Robert, my husband, and I were chatting waiting for our dinner at a restaurant. Somehow we got on our military experiences. I did my chaplaincy training at Maxwell Airforce Base. For one long weekend we bussed down to Eglin AFB in Florida. They put us all in one tent. I was the only girl in the group. We worked out a deal. I dressed under the covers of my cot and when the guys needed to dress they said, “Susan, face the wall.” I would roll over and read while they dressed. (Back then I could actually dress under a blanket.)
I was telling Robert about the night we did triage with the doctors and nurses at Eglin. The moulage team came to our tent and made us the victims of a bombing. After the bombs went off the doctors and nurses were to treat our “injuries”. There were two things the doctors and nurses weren’t prepared for. They were told we were a tent of chaplains. Which of course meant we were all men. The second thing was I was hanging out in the tent in my civies.
The moulage team made one of our team a burn victim. Several had broken limbs and concussions. I had a non-compound fracture in my arm and I was to act as crazy as I could possibly act. Then we waited for the bombs to go off.
Then the bombs started going off. I kicked into high acting gear. I came out of the tent shrieking and running. The medics were running everywhere. (I’m not sure they knew where the strike was to be either.) Eventually I was tackled by a medic. I was not going to make it easy on him. I got up and continued to run and shriek. He finally got both arms around me and kept shouting at me, “It’s just a drill, honey, just a drill.” That’s when I realized he didn’t know I was one of the chaplains. He dragged me into a tent.
When medics are doing triage there are three categories that they divide their wounded into. One category is Yes, you are wounded, but you can wait it’s not life-threatening. The second is You are in serious danger but if we can get to you right now we can fix you. And the last category is You are going to die anyway, so we will keep you comfortable but we are not going to waste time or resources to keep you alive. Perhaps this sounds heartless but it actually saves more lives. I think I was put in tent number 1 with the you can wait group. And just because I was in a tent did not mean my acting stopped.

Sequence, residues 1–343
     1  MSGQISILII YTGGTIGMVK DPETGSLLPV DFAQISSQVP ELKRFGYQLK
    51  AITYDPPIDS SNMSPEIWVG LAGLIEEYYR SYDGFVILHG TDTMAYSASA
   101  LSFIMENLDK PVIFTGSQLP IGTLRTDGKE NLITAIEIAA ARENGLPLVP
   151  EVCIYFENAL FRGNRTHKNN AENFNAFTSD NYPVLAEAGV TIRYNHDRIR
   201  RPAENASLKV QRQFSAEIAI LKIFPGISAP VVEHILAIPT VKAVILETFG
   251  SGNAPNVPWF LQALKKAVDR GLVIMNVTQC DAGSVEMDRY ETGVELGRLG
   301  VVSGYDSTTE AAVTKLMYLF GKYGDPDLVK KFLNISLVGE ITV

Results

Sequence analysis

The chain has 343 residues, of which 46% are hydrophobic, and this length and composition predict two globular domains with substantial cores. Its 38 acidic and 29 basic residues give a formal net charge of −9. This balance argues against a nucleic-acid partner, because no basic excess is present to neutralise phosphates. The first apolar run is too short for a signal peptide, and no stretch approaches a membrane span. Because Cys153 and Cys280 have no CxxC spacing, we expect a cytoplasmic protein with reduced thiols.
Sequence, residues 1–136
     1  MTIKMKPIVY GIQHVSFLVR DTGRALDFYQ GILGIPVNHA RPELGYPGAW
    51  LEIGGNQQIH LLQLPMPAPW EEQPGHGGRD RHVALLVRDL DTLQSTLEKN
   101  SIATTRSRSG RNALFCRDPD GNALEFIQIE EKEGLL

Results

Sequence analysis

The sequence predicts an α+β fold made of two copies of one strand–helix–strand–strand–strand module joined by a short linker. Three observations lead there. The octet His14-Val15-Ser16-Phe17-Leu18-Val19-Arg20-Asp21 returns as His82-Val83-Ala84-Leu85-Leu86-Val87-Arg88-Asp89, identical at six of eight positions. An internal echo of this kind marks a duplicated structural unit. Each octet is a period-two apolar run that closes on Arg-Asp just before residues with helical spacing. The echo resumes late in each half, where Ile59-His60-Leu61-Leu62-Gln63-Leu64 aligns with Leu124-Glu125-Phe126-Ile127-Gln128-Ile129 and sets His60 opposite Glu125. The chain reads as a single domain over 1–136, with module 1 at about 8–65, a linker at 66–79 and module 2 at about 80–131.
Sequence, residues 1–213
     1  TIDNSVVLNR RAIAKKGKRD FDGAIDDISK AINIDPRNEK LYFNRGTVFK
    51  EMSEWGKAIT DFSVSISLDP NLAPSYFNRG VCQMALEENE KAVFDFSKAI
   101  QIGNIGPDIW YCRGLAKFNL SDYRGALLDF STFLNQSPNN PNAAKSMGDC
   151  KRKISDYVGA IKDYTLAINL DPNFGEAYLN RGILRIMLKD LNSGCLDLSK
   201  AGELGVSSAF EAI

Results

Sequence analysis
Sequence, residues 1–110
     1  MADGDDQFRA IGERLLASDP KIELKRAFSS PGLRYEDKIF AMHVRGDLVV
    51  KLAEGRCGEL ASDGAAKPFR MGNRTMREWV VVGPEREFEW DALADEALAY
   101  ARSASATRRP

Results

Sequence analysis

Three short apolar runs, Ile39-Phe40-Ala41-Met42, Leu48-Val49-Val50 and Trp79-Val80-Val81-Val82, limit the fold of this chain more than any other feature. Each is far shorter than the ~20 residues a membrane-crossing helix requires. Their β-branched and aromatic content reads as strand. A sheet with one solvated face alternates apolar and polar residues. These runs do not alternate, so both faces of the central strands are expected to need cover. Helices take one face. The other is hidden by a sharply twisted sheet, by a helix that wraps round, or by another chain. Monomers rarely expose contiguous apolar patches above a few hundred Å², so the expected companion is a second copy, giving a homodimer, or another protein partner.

In the tent they had me on a cot and I was holding my arm and crying and every new ordinances went off I would shriek and go nutsy. A supervisor came to the tent to check on their choices of triage division. He leaned over to me and whispered, “Try to get out of here.” He left the tent, I waited a few beats, then made a run for the door screaming. I was tackled by three big medics. (The bruises all over my body the next day were amazing.) They got me back on the cot and the nurse looked me in the eye and said,”I have just tied you to this cot.” So I dutifully struggled against the invisible ties.
When they called a halt to the activities, all three people in my tent turned their heads slowly in my direction to see what I would do. I gave it a few beats just for the drama of it. Then sat up and said,”Can I go now?” There was a collective sigh of relief in the tent.
We did another drill beginning at the commissary that evening. This time I had a compound fracture and another chaplain joined me in the nutcase department. By this exercise they had figured out I was one of the chaplains.
After we were done I went and took a shower. (It was summer in Florida after all.) As I was drying off I heard two nurses talking on the other side of the shower curtain. The basic drift of the conversation was that the nurses and medics did not know there was a girl in the chaplain’s tent. They thought I had wandered onto the compound somehow and did not realize it was a drill. I scared them pretty bad. They had no idea what to do with me. Civilians are really not supposed to be at these events. And if I had turned the crazy corner, what do we do now? That’s when I came out of the shower. Their faces showed they knew who I was. I thanked them for their strange compliments on my acting abilities.
Robert told me his favorite moulage/triage story. He had been similarly moulaged with a head injury…blood everywhere. He stopped at a McDonalds on the way home and the clerk almost fainted when she saw him.
Thank goodness this was nearly 30 years ago. Seriously, can you see me moulaged today? On a walker screaming and creak, creak, help me, creak, creak, what’s happening, creak, creak.